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Cancer Res. 2006 Aug 15;66(16):7929-33.

Emergence of androgen independence at early stages of prostate cancer progression in Nkx3.1; Pten mice.

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  • 1Center for Advanced Biotechnology and Medicine, The Cancer Institute of New Jersey, University of Medicine and Dentistry of New Jersey-Robert Wood Johnson Medical School, Piscataway, NJ 08854, USA.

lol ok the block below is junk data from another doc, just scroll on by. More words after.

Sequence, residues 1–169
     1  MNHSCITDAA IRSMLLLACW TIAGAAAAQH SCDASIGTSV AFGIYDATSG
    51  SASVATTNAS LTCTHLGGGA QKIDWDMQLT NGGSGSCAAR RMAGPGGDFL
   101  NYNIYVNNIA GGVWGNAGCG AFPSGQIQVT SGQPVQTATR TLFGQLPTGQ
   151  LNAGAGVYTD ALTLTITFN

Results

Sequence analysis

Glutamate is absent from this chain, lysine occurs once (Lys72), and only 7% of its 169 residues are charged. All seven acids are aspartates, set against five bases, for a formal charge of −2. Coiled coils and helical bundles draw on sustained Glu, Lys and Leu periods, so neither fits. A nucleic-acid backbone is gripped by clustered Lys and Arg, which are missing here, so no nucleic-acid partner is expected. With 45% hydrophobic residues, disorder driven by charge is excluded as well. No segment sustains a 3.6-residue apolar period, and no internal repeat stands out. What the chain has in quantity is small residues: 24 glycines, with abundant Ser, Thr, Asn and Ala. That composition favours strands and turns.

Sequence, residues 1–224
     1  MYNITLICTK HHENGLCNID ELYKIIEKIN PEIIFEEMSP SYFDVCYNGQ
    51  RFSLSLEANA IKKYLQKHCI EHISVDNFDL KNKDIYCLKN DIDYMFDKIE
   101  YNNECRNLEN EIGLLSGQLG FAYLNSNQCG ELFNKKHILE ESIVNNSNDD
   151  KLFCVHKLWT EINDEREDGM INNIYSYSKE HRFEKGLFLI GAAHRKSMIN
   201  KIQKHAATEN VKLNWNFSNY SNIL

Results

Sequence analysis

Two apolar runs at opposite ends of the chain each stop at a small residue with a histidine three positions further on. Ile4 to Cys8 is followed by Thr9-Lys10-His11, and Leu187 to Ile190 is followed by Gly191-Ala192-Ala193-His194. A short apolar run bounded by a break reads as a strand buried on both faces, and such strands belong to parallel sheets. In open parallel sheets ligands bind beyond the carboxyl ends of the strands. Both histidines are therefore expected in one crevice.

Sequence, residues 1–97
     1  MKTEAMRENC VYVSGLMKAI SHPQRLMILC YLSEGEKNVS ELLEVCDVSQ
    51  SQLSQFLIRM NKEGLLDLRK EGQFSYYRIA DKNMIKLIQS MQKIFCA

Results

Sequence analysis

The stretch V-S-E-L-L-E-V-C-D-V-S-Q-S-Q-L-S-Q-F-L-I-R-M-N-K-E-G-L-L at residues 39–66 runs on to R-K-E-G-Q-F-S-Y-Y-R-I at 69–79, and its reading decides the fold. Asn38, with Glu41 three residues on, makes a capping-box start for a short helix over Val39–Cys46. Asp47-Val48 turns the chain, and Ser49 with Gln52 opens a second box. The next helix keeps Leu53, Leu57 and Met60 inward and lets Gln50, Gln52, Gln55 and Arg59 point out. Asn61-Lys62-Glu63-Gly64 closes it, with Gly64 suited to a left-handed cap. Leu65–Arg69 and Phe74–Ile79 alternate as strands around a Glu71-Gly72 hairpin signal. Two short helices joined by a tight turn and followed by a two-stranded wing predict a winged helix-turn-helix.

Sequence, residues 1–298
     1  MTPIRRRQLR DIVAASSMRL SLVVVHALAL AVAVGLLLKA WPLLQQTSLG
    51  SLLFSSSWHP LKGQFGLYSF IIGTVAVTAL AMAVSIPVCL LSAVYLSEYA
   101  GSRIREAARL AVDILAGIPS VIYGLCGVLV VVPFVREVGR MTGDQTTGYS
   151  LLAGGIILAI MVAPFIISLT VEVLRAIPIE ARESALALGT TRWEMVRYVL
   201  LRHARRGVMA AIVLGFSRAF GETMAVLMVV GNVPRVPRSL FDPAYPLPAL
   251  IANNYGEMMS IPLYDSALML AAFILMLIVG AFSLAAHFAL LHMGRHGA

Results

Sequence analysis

Although androgen deprivation therapy is a widely used treatment for patients with advanced prostate cancer, it ultimately results in the emergence of a hormone-refractory disease that is invariably fatal. To provide insights into the genesis of this disease, we have employed an in vivo model to investigate how and when prostate epithelial cells can acquire the ability to survive and proliferate in the absence of androgens. In particular, we have been studying the evolution of androgen independence in Nkx3.1; Pten mutant mice, which develop prostatic intraepithelial neoplasia and adenocarcinoma as a consequence of aging, as well as androgen-independent phenotypes following castration. We now find that the prostate epithelial cells from these Nkx3.1; Pten mutant mice are capable of surviving and proliferating in the absence of androgens and that they develop androgen-independent phenotypes well before they display overt prostatic intraepithelial neoplasia or cancer phenotypes. Our findings in this mouse model show that acquisition of androgen independence can be uncoupled from overt cancer progression and raise the possibility that hormone-refractory disease can arise at early stages of prostate carcinogenesis.

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